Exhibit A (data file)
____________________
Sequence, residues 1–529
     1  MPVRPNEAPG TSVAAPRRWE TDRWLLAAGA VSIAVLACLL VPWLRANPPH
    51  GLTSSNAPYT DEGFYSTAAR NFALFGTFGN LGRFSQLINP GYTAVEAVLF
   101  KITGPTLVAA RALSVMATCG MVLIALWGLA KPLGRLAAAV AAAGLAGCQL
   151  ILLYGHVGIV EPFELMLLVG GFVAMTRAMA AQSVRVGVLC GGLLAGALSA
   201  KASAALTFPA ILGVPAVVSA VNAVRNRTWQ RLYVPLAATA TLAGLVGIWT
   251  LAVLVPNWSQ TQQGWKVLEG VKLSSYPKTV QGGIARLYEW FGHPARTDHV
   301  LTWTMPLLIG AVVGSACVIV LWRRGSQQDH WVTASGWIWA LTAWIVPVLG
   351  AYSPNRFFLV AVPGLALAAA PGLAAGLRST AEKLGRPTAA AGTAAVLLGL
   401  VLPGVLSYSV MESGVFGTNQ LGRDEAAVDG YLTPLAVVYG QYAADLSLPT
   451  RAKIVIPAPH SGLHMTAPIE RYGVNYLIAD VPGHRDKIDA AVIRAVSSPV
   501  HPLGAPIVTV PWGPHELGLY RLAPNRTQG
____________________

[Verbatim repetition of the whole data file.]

Sequence, residues 1–529
     1  MPVRPNEAPG TSVAAPRRWE TDRWLLAAGA VSIAVLACLL VPWLRANPPH
    51  GLTSSNAPYT DEGFYSTAAR NFALFGTFGN LGRFSQLINP GYTAVEAVLF
   101  KITGPTLVAA RALSVMATCG MVLIALWGLA KPLGRLAAAV AAAGLAGCQL
   151  ILLYGHVGIV EPFELMLLVG GFVAMTRAMA AQSVRVGVLC GGLLAGALSA
   201  KASAALTFPA ILGVPAVVSA VNAVRNRTWQ RLYVPLAATA TLAGLVGIWT
   251  LAVLVPNWSQ TQQGWKVLEG VKLSSYPKTV QGGIARLYEW FGHPARTDHV
   301  LTWTMPLLIG AVVGSACVIV LWRRGSQQDH WVTASGWIWA LTAWIVPVLG
   351  AYSPNRFFLV AVPGLALAAA PGLAAGLRST AEKLGRPTAA AGTAAVLLGL
   401  VLPGVLSYSV MESGVFGTNQ LGRDEAAVDG YLTPLAVVYG QYAADLSLPT
   451  RAKIVIPAPH SGLHMTAPIE RYGVNYLIAD VPGHRDKIDA AVIRAVSSPV
   501  HPLGAPIVTV PWGPHELGLY RLAPNRTQG